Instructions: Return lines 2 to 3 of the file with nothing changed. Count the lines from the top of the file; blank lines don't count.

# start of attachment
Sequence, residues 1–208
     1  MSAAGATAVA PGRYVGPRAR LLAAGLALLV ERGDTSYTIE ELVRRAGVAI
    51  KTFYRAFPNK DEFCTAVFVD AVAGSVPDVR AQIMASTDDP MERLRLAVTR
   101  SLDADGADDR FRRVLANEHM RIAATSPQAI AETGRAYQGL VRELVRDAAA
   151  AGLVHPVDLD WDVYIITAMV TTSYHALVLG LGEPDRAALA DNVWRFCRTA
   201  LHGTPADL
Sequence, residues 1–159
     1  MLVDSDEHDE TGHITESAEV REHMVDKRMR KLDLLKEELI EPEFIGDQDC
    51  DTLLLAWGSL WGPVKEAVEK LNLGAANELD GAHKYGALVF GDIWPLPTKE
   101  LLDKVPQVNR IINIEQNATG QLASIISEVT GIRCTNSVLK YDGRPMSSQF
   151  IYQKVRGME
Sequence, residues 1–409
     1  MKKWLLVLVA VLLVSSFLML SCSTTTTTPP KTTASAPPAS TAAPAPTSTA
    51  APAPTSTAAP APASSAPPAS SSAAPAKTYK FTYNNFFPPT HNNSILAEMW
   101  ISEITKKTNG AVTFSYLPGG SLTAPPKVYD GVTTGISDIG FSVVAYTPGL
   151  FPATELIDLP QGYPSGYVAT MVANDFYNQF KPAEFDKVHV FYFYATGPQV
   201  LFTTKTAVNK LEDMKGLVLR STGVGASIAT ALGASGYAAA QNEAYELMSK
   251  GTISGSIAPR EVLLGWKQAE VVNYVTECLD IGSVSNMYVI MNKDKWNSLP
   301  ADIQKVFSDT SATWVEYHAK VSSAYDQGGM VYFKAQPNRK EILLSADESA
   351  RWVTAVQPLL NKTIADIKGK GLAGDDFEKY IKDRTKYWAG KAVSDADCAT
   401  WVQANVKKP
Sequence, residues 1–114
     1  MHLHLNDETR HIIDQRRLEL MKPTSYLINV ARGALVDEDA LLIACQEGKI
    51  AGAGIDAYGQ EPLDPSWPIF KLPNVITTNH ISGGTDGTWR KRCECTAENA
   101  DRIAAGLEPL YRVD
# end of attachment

     1  MSAAGATAVA PGRYVGPRAR LLAAGLALLV ERGDTSYTIE ELVRRAGVAI
    51  KTFYRAFPNK DEFCTAVFVD AVAGSVPDVR AQIMASTDDP MERLRLAVTR